DefinitionTrigeminal neuralgia (TN) is a disorder of the trigeminal nerve (cranial nerve 5) that causes severe, shooting pain along one side of the face. The trigeminal nerve senses touch, pain, pressure, and temperature. It also helps make saliva and tears.
|The Trigeminal Nerve|
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CausesIn most cases, the cause is unknown. In some cases, it may be caused by an abnormally formed artery or vein near the nerve. The blood vessel can compress the nerve and cause problems. Rarely, TN may occur as a symptom of another underlying disorder, such as:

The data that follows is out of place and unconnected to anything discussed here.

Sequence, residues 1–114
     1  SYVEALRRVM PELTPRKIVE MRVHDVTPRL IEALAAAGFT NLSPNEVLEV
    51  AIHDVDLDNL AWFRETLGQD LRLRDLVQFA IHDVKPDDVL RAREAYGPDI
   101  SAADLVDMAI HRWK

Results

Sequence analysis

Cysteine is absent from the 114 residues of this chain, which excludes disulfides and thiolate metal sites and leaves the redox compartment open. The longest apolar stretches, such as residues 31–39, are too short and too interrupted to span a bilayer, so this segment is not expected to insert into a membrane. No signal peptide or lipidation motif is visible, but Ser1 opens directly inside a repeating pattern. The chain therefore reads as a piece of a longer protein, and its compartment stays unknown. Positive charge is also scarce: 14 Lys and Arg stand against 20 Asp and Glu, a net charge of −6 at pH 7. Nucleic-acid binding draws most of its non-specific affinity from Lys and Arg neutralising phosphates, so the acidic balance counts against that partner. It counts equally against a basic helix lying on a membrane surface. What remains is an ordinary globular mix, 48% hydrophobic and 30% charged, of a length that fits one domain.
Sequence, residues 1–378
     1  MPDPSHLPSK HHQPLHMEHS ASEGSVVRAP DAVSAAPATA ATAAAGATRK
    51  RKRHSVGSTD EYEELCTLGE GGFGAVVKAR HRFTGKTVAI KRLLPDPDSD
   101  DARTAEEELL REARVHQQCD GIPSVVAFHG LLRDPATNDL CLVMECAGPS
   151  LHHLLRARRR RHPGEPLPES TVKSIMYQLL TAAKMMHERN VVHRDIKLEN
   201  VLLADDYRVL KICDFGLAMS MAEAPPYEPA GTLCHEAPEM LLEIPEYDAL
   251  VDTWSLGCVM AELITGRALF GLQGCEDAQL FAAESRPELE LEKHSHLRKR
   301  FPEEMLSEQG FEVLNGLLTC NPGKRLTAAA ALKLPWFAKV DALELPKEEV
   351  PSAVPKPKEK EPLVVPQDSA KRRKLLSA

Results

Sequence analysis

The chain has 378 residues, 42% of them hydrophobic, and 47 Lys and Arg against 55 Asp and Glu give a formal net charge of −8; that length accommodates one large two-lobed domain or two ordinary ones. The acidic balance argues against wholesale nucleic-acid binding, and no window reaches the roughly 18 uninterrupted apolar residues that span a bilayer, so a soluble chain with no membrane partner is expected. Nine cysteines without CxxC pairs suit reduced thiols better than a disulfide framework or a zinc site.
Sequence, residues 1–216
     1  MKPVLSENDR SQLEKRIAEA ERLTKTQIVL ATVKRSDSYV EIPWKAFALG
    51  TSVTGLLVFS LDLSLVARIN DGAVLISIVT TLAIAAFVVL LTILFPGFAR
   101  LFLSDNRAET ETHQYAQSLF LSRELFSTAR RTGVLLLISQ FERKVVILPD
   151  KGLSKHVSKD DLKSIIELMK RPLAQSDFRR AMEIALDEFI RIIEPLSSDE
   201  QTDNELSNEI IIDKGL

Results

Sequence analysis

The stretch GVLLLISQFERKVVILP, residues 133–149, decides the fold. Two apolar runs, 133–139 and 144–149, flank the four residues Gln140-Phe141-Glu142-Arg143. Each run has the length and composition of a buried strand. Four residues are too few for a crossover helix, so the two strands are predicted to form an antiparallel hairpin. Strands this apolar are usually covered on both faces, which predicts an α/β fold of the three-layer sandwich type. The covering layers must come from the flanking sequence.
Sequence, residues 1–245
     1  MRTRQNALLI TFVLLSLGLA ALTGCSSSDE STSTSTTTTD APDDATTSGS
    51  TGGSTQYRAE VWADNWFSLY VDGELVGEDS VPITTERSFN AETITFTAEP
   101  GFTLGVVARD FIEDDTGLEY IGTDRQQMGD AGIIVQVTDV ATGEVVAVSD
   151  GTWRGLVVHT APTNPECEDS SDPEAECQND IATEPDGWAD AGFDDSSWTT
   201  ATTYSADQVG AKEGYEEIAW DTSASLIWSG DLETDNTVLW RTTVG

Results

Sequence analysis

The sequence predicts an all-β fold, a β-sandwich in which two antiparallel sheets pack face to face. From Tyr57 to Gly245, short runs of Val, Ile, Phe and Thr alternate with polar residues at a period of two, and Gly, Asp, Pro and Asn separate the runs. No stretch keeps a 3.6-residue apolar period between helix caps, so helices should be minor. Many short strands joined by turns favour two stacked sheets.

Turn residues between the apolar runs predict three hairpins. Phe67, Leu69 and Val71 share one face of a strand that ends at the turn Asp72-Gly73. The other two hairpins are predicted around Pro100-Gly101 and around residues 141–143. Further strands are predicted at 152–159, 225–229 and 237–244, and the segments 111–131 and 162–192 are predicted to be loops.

Risk FactorsTN is more common in women aged 50 years or older. Having certain medical conditions, such as multiple sclerosis or high blood pressure may increase your risk of TN.
SymptomsThe main symptom is searing pain on one side of the face. The pain may be felt inside the mouth or in the lips, cheek, chin, nostril, ear, or near the eye. Rarely, pain may occur in the eye or forehead. Twitching or wincing sometimes accompanies the pain.The pain is typically sudden, severe, and stabbing. Even though the pain is brief, usually less than two minutes, it can reoccur hundreds of times a day. Attacks can become totally disabling. They may seem to occur at random or be triggered by extremes of temperature, washing, shaving, touching, or tickling the face. There are usually no symptoms between attacks, except perhaps a dull ache.
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